Distortion Project Presents The Irontown Diehards pre-release album launch with support from Cross Eyed Mary and On Parole
Saturday 7th May 2016, Limelight 2, Belfast
Last Saturday the Limelight showed off it’s lesser seen rock credentials with the pre-release launch of the Irontown Diehards self titled debut album with a show that even the most discerning of rockers would have approved of.
First up to warm up the crowd were On Parole, who, having finally settled on a permanent lineup, have also solidified their sound – not to mention their look (uni student indie boy rock, in case you were wondering).
With some tasty riffs and a strong sense of melody, they are an entertaining prospect, not least when they are joined onstage by a pal who bellows out a fine, rather bluesy number without spilling a drop of his pint. Their songs tend to be a tad drawn out – the final number seems to go for about ten minutes – but they put on a great show regardless.
Cross Eyed Mary follow, evidently striving to answer that great rhetorical question: “why have only one guitarist when you can have three?” As a result the tiny stage is a jungle of frets; the fact that there are no wince-inducing clashes is pretty impressive, actually.
They belt out their rousing set of toe-tapping bluesy alt rock to what is unfortunately still a fairly empty room, but those present were impressed with their harmonies (guitarist Sarah Dickey adds a welcoming contrast to singer and, er, other guitarist Kevin P. Prior’s masculine drawl) and catchy tunes. Distracting lighting issues aside (wake up Mr light guy, your stage is in total darkness!), theirs is a warm and hooky set.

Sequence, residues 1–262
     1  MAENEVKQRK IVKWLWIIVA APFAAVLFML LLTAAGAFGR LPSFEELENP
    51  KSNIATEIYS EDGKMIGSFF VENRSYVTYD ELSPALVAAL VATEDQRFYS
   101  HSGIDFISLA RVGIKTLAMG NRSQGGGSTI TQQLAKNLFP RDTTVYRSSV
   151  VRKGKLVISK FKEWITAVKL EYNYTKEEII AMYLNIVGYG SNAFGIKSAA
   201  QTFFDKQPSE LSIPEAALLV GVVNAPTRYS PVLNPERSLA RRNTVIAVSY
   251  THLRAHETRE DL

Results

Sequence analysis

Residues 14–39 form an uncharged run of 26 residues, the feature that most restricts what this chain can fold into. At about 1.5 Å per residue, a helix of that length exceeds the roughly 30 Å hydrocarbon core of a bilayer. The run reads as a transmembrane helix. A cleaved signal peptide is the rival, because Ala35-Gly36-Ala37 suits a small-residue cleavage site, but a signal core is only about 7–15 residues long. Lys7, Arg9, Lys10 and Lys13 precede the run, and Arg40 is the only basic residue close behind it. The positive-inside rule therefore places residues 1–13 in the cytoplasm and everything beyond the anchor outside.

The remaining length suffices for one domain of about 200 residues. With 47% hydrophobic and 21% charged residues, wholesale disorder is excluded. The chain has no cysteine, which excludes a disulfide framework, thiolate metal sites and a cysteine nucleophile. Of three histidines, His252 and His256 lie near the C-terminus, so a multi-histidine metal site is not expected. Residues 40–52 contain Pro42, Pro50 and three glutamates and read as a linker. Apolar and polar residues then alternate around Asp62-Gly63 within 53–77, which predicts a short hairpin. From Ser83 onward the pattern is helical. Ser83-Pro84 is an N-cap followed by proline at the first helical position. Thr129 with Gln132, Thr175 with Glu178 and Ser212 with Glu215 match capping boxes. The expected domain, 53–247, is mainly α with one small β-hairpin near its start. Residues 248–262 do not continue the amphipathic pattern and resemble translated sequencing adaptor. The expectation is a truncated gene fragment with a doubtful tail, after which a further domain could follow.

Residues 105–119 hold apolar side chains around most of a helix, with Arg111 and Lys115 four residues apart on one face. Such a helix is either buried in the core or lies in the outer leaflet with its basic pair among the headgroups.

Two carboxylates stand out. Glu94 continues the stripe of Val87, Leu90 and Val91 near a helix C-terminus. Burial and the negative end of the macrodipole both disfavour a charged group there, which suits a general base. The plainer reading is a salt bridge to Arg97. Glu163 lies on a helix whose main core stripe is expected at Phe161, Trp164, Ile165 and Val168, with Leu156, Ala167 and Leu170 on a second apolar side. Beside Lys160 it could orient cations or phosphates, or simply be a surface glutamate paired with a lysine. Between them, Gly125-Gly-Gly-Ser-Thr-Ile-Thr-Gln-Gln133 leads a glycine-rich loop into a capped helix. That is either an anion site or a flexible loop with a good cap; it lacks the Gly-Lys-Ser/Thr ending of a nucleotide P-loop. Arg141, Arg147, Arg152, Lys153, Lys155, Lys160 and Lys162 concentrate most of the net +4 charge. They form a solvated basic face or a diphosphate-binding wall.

If you’ve heard the ZZ Top track ‘Sharp Dressed Man’ you’ll know what’s coming next…clad in suits, caps, spats and jauntily angled hats, The Irontown Diehards hit the stage in style and bang on their appointed time. After a rather flowery and expansive intro uttered by frontman Phil Dixon as he climbs the stage steps they launch into a set of hard rock that’s as hot and bawdy as their look is cool and pure.
In between some slightly puzzling soliloquies from Dixon (“the circle of life just takes us around and round and round…”*fades out*…er?) he leads the band through a boisterous and ballsy set, his barreling roar matching the swaggering confidence of the music perfectly.
Naturally the songs from their forthcoming album get a good airing tonight, from the ‘Black Velvet’-esque ‘Fly High’ to the soaring Alter Bridge styled ‘For the Rose’ and the singalong inducing ‘Take the Long Road Home’. Throughout them all the band don’t take their eyes off the ball for a second: there’s not a dropped note, a duff drumbeat or a wonky guitar chord to be heard.
The concentration on all of their faces is matched by the sheer joy of performing the songs live – ’tis a thing of beauty to behold, and the crowd (for yes, the room finally filled up) respond with equal joy and conviction, sure that they are witnessing a band about to take off in a big way.
The rather thespian conclusion, with the band members raising various hats skywards, is greeted with a loud roar of approval; it’s the perfect ‘rock star’ ending to this rocking gig. Do we approve? Hell yes.